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Also known as xenarthrans, they are one of the four groups in which placental mammals are divided into – placental mammals being those whose offspring develop for a good time in utero and feed through the placenta. They are native to South America, although they reached Central and North America, as well as the Antilles, a few million years ago, during the Great American Biotic Interchange. Xenarthrans may belong to the orders Cingulata and Pilosa respectively, depending on whether they possess a carapace – like armadillos and glyptodonts – or, as is common in mammals, they have hairy skin – like in the case of living and extinct sloths and anteaters.
Anatomy of the vertebrae
The spine is made up of a series of mobile bones, the vertebrae. This is such an important structure for both support and locomotion that in mammals, it has evolved to have distinctive regions. Cervical vertebrae are located in the neck area, then thoracic ones belong on the thorax, lumbar and sacral ones continue the spine – the latter fuse forming the sacrum – and finally, caudal vertebrae form the tail.
Each vertebra has characteristic parts. The centrum or body is responsible for the support of the spine. The neural canal – through which the spinal cord travels – is limited by the neural arch. From the dorsal part of the arch, the spinous process projects upwards and the transverse processes project laterally. These processes serve as areas for the insertion of the muscles that control and stabilize the spine. A vertebra connects with the one before it and the one after it through the centrum and two pairs of projections; the anterior ones are called prezygapophyses and the posterior ones, postzygapophyses.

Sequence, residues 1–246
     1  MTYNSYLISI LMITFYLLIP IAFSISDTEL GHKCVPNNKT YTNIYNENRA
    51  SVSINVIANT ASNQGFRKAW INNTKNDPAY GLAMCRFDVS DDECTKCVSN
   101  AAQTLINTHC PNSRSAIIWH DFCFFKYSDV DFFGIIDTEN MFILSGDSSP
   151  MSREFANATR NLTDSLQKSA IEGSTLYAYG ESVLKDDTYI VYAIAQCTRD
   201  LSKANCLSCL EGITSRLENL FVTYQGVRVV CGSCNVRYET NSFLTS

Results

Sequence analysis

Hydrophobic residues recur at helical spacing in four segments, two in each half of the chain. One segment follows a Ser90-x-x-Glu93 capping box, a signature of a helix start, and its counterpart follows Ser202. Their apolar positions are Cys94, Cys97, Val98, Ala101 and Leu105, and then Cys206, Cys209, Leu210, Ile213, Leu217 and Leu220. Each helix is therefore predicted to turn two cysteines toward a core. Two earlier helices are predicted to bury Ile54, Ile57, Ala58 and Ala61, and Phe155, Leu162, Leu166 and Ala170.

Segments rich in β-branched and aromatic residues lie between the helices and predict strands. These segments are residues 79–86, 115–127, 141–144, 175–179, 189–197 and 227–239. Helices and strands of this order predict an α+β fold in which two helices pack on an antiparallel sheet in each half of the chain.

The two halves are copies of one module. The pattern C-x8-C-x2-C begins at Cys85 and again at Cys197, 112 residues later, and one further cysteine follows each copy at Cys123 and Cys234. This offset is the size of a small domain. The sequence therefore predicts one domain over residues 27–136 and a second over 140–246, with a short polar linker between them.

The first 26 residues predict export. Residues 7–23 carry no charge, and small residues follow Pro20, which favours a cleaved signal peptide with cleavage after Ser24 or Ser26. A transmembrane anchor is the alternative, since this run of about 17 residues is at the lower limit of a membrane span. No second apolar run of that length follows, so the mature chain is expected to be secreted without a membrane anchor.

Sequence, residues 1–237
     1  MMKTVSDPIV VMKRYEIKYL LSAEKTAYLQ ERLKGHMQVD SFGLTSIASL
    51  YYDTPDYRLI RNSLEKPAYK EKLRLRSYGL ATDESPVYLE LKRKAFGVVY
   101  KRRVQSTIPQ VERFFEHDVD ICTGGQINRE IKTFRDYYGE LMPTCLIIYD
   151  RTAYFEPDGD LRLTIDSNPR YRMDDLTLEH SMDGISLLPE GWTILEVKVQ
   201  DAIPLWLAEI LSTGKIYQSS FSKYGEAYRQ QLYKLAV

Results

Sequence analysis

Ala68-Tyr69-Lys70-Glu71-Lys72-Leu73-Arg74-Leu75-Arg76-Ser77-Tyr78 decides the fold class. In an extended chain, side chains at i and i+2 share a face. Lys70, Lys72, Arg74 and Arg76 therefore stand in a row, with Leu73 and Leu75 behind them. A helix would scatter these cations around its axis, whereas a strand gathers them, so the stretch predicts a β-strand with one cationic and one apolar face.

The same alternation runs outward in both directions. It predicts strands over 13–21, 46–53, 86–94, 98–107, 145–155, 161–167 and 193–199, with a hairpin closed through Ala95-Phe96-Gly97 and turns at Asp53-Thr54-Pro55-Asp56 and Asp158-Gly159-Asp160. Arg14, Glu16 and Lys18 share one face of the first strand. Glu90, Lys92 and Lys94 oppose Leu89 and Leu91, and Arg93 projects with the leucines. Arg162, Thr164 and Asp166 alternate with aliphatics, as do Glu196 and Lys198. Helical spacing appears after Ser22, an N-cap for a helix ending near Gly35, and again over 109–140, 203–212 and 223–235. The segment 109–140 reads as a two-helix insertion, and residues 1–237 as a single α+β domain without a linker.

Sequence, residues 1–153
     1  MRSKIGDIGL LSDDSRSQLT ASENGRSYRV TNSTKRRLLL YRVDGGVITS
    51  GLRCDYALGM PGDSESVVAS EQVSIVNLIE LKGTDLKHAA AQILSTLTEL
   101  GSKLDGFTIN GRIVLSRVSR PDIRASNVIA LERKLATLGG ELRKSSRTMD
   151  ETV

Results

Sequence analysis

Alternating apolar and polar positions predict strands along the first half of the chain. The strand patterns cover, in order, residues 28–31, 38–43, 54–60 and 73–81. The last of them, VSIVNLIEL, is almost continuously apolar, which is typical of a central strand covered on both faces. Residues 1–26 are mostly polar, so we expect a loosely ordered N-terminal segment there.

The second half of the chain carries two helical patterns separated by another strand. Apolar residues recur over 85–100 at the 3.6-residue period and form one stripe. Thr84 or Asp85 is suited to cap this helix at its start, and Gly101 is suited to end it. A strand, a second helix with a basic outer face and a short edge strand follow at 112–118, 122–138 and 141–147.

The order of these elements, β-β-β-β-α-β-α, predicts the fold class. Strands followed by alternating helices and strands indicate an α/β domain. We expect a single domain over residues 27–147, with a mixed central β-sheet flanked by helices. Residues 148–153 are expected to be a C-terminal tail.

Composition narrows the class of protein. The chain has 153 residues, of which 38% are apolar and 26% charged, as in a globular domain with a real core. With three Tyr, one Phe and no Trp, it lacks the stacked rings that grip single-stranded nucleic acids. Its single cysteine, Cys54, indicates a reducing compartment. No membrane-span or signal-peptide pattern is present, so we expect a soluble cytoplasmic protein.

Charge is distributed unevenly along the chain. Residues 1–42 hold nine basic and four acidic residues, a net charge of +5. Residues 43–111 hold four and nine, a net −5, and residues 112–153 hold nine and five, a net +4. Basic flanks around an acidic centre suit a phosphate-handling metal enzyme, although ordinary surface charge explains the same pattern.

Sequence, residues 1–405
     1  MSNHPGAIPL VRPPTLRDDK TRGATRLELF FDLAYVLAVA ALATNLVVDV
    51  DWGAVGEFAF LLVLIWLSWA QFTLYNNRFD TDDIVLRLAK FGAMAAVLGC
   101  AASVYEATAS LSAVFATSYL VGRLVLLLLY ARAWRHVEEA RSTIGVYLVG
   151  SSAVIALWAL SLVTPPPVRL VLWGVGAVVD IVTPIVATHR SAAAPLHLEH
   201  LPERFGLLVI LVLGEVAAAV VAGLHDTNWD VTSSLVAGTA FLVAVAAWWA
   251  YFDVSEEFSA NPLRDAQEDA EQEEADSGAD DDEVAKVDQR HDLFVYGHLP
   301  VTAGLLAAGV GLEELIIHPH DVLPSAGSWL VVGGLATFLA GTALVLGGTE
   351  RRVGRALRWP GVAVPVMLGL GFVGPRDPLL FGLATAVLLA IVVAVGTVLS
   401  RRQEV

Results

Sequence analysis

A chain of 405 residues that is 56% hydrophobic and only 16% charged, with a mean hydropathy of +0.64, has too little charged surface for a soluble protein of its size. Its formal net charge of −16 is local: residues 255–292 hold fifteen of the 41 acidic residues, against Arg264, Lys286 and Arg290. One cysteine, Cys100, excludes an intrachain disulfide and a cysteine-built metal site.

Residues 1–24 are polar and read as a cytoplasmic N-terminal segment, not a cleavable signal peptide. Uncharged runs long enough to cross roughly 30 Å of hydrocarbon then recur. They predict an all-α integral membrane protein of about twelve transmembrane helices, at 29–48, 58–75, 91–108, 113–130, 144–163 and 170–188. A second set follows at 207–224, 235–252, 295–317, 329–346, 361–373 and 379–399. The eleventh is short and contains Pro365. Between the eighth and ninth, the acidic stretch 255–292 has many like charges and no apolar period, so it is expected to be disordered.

Anatomy of xenarthral vertebrae
Some xenarthral vertebrae possess a morphological feature that is present in all the groups, the existence of additional joints connecting the vertebrae, the xenarthral joints. This feature is responsible for the name given to the group, since “Xenarthra” is derived from the Greek language and means “strange joints”.
Not in every vertebra, not everywhere
The xenarthral joints are not present in every vertebra on the spine, they are located rather posteriorly on the animal’s body. In some groups these joints are present in the last thoracic vertebrae as well as in the lumbar ones, while in others they are found only in the lumbar region. Xenarthral joints are located under the pre and postzygapophyses.
Another peculiarity among the xenarthrans is the differences within their spines. For example, in the neck of the Cingulata – armadillos, pampatheres and glyptodonts – the first vertebrae are fused forming a cervical tube. Glyptodonts were the mammals with the highest degree of fusion in their spines; besides the cervical tube they had a “trivertebral” element formed by the fusion of the first three thoracic vertebrae, followed by a dorsal tube formed by the fusion of nine vertebrae. Also, the lumbar vertebrae formed a synsacrum. There is no vertebral fusion on sloths, although they tend to reduce the amount of lumbar vertebrae to three or even two.